First Law of Survival: “Whatever comes out of these gates, we’ve got a better chance of survival if we work together. Do you understand? If we stay together we survive.” Russell Crowe
Notes on Quotes: “I have known a life of sorrow, I have borne a heavy load,…Soon the hill will be ascended; It is only One Step More.” Jere Hoar, Body Parts, New York Times Book Review Notable Book
Notes on Quotes: "We are dangerously close to becoming an outsourced nation." Gordon Mercer and Marcia Mercer
Notes on Quotes: “What happened to the strong and resolute party of Lincoln? What happened to the courageous, populist party of FDR and Truman? In many ways we have lost our compass and we don’t know if we are coming are going. Where have all the leaders gone?” Lee Iacocca
Law of the Local Church: “The local church is the hope of the world, and its future rests primarily in the hands of its leaders.”
Things did not look good for George Washington. The year was 1777 during the time of the American Revolution. The Valley Forge winter was harsh with over 2,400 of the troops stationed there dying of disease and hunger. Soldiers were mostly volunteers and often left to take care of matters back home. Armaments and weapons were lacking and food was scarce. Washington remarked that the path to their winter camp at Valley Forge was covered with the blood of troops without boots or clothing.
Notes on Quotes: “Failure is taking the path everyone else does; success is making your own path.” unknown author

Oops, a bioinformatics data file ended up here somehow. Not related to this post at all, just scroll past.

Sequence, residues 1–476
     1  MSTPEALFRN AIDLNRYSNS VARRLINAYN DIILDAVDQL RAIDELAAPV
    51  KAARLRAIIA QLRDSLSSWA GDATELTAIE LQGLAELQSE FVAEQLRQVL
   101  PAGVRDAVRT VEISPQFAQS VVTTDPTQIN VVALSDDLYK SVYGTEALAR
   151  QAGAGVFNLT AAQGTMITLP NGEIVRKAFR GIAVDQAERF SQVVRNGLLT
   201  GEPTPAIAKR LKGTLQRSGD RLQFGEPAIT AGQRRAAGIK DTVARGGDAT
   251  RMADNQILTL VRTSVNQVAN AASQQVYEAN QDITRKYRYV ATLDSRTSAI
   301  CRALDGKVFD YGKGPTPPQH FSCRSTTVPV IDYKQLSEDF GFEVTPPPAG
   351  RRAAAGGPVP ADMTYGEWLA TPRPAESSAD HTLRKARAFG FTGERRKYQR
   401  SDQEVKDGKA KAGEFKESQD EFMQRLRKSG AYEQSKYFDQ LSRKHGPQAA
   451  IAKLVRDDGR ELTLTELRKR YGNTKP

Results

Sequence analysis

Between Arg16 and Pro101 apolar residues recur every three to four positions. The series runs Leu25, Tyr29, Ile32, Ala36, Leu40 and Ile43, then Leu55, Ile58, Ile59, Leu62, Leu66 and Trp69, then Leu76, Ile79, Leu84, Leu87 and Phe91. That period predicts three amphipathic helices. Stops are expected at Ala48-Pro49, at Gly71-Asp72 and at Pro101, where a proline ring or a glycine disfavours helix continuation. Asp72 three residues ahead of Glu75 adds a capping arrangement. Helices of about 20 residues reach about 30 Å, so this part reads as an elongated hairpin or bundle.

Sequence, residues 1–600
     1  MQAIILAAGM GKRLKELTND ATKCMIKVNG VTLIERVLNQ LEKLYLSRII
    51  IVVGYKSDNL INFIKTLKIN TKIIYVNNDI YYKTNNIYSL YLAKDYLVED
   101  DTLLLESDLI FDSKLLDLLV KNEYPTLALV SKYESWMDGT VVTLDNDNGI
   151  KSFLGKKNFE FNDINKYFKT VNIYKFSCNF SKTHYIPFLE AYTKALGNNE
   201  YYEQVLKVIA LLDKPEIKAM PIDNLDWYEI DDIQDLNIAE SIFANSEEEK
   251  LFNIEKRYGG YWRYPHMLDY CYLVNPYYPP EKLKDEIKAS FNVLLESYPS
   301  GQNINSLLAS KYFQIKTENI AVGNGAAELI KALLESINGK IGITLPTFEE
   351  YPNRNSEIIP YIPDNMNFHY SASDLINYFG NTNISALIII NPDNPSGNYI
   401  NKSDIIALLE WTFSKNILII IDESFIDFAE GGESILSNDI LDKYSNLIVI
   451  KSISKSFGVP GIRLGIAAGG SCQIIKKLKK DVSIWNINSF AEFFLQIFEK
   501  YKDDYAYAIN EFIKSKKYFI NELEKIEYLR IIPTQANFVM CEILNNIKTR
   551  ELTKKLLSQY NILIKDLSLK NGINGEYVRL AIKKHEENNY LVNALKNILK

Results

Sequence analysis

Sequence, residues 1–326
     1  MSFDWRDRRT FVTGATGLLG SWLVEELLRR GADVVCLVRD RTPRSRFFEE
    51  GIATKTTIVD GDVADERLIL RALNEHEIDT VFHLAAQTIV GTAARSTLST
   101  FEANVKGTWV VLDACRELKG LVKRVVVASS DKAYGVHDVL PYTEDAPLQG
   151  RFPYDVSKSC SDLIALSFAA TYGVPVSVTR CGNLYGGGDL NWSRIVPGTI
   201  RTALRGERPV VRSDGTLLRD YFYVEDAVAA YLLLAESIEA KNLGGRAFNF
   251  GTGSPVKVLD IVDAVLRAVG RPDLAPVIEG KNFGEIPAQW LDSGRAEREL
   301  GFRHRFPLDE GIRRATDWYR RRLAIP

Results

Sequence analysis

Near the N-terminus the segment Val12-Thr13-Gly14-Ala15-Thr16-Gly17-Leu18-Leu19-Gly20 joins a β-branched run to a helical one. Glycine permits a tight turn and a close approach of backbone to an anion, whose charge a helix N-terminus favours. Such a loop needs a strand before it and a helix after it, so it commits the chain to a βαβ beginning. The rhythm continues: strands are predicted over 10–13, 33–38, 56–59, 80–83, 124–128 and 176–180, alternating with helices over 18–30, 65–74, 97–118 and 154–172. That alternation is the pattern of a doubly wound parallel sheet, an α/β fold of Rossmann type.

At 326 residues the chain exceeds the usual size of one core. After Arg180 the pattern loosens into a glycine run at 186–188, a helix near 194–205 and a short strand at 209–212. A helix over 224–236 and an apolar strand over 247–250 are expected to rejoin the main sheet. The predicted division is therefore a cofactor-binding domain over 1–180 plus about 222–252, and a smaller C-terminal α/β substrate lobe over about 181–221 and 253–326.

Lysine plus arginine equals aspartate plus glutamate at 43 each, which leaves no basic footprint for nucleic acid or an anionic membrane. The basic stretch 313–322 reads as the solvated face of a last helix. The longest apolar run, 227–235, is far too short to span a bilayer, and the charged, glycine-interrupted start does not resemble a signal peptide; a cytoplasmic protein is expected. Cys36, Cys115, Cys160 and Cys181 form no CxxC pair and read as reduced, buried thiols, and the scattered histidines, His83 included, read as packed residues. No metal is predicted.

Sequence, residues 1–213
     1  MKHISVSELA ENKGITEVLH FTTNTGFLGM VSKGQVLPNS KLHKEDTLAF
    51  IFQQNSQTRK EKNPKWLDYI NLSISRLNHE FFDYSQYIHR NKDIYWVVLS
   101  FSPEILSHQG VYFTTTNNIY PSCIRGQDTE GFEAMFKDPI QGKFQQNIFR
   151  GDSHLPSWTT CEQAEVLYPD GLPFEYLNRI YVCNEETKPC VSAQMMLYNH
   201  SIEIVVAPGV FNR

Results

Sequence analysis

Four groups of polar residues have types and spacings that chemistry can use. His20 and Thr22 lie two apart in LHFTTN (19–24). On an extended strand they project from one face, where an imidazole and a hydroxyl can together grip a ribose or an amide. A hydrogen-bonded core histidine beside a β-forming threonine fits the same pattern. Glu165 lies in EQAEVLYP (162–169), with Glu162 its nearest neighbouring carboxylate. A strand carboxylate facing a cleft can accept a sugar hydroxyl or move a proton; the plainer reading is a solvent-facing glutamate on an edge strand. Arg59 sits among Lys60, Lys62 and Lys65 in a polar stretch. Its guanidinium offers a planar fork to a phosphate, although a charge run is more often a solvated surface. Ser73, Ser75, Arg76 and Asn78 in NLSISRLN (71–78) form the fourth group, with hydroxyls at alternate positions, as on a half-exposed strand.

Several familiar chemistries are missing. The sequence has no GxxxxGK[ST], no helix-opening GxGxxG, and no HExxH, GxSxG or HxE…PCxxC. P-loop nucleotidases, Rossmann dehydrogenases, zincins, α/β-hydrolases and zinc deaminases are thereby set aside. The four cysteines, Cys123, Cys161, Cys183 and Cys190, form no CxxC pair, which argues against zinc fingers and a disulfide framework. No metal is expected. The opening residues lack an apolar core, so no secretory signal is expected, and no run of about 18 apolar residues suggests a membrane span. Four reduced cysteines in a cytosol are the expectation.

Graduate with Honor and Distinction: In 1928 our Pi Gamma Mu Honorary President, Rear Admiral Richard Byrd, carried our Pi Gamma Mu flag to the Antartic in his famous exploration trip of adventure because he believed in honoring outstanding students. Today we are celebrating 86 years of honoring outstanding students!
Notes on Quotes: “Tomorrow is the most important thing in life. It comes into us at midnight very clean. It’s perfect when it arrives and puts itself in our hands. It hopes we’ve learned something from yesterday.” John Wayne
Shirley Ridge was a founding board member of the Folk Heritage Association of Macon County. Shirley is no longer living but her words remind us that heritage is a living thing. Our Appalachian folk heritage comes alive every year at the Franklin Folk Festival, an event we recently covered in our column in the Franklin Press in Franklin, North Carolina. We come together with the practitioners of our region’s crafts, music, dance, food, artists and literature and feel a certain homecoming as we experience traditions passed down over many generations.